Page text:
I generally subscribe to the ‘grocery store rule’ when it comes to social and political issues.  I know an issue is ‘trending’ in our collective consciousness when I hear people talking about it at the grocery store.  The grocery store is like Buzzfeed for adults.

Normally in Alabama, even in February, most checkout-line conversations revolve around college football or the occasional threat of a quarter-inch of snow.  But a few weeks ago, the man and woman standing behind me in line were discussing the evils of short-term, small dollar lending.  Over the past few years, I have heard the same conversation, more-or-less, at the dentist, the health club, coffee shop and several other places.

As a consumer finance attorney who represents traditional installment lenders, I always want to chime in, but I rarely do.  It is not that I am unwilling to defend my clients.  To the contrary, notwithstanding my professional ties to the industry, I really believe in the loans installment lenders provide.  However, I have found that most people mean well and have good intentions but do not want to fully understand the nuances of the issue. It is easier to talk in snippets and make generalizations.

For that reason, when I cannot bite my tongue and I do engage, I try to present the industry’s side in just five sentences.  So, in today’s post, I share the case for traditional installment lenders in five sentences:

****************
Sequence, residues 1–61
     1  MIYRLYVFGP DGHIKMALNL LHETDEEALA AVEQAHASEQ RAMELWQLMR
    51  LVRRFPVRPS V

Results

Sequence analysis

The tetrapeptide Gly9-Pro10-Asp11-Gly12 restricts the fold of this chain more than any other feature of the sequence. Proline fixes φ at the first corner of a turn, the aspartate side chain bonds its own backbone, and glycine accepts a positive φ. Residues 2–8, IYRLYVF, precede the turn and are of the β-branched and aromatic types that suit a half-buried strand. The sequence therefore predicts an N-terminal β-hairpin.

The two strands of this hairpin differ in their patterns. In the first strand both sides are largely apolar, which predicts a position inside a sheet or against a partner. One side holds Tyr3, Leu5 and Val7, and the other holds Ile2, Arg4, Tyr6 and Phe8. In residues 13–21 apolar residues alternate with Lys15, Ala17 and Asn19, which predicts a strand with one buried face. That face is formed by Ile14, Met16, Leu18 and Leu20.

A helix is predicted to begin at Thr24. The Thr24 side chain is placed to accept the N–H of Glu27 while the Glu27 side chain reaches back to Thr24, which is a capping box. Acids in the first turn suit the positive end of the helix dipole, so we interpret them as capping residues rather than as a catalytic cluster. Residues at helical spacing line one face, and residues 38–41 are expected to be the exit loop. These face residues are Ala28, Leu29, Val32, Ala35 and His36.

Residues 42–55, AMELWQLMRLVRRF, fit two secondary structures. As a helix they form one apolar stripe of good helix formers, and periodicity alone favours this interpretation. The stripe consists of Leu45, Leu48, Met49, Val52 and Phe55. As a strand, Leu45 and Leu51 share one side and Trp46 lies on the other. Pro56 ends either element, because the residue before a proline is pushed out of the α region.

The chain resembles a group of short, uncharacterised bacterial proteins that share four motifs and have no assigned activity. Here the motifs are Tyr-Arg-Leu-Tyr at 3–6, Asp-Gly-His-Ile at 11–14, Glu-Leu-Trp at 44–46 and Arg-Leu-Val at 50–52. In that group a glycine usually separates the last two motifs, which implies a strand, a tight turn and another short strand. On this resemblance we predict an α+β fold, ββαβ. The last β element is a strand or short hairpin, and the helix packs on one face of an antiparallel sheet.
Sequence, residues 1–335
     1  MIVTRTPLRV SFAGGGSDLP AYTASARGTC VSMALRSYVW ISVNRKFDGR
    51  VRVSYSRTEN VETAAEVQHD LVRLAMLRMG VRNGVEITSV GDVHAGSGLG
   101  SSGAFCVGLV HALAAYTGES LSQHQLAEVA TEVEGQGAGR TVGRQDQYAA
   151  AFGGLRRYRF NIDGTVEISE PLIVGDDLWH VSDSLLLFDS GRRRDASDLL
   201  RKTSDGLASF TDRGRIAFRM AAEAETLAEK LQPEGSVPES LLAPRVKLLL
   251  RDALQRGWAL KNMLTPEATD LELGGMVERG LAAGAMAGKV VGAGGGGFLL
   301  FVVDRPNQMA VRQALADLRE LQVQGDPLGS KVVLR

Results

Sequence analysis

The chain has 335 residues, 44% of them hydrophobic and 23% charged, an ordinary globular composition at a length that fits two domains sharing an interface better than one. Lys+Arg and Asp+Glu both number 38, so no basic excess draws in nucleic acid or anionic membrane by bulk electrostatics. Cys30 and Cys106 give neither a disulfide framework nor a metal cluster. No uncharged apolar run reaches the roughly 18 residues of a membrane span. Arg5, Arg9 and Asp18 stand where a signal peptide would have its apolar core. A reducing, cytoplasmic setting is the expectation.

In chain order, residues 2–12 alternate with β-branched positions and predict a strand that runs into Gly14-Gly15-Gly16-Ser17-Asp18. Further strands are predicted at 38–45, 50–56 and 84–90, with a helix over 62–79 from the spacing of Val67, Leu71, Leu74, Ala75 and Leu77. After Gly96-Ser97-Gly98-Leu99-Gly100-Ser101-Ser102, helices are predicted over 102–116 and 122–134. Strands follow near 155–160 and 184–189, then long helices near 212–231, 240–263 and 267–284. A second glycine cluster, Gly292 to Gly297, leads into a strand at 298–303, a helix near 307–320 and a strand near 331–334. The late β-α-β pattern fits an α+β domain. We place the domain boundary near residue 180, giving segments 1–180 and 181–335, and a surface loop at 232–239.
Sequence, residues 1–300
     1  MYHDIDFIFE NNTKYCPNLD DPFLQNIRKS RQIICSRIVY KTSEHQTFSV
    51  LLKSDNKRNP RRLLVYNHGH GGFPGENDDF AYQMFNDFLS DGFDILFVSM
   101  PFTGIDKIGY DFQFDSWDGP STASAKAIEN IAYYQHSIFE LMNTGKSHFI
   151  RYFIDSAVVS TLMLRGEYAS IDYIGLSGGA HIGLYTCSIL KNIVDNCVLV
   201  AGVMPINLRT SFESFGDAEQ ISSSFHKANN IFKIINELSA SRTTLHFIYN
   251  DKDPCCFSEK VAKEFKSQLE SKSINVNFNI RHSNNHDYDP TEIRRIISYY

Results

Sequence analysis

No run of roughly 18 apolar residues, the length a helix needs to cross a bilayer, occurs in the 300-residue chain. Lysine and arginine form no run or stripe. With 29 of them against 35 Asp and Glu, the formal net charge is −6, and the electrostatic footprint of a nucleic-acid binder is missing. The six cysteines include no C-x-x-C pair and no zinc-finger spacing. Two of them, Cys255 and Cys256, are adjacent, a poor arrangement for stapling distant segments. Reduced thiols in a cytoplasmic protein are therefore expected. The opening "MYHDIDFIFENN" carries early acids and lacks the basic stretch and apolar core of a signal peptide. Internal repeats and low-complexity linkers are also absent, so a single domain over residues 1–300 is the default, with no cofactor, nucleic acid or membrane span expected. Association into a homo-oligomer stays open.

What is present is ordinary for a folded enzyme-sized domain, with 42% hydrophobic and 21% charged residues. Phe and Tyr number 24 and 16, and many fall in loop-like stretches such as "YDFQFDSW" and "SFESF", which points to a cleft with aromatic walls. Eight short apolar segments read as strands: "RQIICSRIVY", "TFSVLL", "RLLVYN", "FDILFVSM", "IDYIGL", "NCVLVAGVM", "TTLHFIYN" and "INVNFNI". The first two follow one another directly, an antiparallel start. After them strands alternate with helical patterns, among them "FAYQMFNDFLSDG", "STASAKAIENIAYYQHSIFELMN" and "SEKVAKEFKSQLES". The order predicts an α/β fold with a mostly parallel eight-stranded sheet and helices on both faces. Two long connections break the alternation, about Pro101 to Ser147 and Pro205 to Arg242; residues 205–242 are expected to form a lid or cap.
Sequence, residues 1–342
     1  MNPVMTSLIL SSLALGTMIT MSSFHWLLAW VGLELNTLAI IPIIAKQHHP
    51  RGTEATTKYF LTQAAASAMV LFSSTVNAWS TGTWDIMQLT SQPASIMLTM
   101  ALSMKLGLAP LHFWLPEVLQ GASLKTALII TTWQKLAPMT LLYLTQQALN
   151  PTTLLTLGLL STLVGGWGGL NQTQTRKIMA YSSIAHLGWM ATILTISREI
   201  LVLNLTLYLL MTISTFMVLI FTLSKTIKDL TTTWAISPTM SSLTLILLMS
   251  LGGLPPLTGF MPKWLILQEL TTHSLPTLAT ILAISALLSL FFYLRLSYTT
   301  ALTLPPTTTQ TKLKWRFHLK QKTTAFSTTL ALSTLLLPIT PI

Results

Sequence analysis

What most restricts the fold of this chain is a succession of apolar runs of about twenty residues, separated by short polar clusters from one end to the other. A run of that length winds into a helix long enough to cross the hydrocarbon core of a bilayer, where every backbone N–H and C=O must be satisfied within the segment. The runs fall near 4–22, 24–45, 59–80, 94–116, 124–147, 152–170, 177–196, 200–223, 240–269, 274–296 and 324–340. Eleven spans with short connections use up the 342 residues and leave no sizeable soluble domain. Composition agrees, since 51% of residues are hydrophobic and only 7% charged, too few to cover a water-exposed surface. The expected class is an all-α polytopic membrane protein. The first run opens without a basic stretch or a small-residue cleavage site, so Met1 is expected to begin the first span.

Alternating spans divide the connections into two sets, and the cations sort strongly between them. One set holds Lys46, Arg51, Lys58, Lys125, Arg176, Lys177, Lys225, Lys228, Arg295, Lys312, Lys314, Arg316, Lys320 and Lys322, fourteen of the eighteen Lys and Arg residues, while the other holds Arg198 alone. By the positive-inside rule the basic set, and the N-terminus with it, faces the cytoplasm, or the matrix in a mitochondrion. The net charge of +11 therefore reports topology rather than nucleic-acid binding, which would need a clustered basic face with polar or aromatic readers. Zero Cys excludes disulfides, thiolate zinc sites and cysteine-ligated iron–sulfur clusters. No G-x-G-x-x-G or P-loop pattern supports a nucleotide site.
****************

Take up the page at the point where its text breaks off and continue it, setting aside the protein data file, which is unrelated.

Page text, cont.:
Installment loans are fixed-rate, fully-amortizing loans that are intended to be repaid in equal monthly installments, and unlike some other non-bank loan products, lenders underwrite these loans based on the borrower’s ability to repay.

The consumer finance industry provides quick access to capital to a segment of the population that may have no other reliable source of money, such as someone who needs $800 for vehicle repairs to get to work.

Installment lenders are subject to a significant number of federal and state laws, rules and regulations and are under the jurisdiction of state banking departments or similar agencies for supervision and examination.

Annual Percentage Rate (APR) can be a deceiving number because it is expressed as an annualized rate and does not always reflect the cost of making the loan.

Many installment lenders order credit reports and report to credit bureaus giving consumers the opportunity to build and improve credit history.

I never really expect to change someone’s mind in five sentences, but I do think it helps people understand that there are two sides to every coin.

Consumer finance companies, pay attention. The debate has made its way into the grocery store.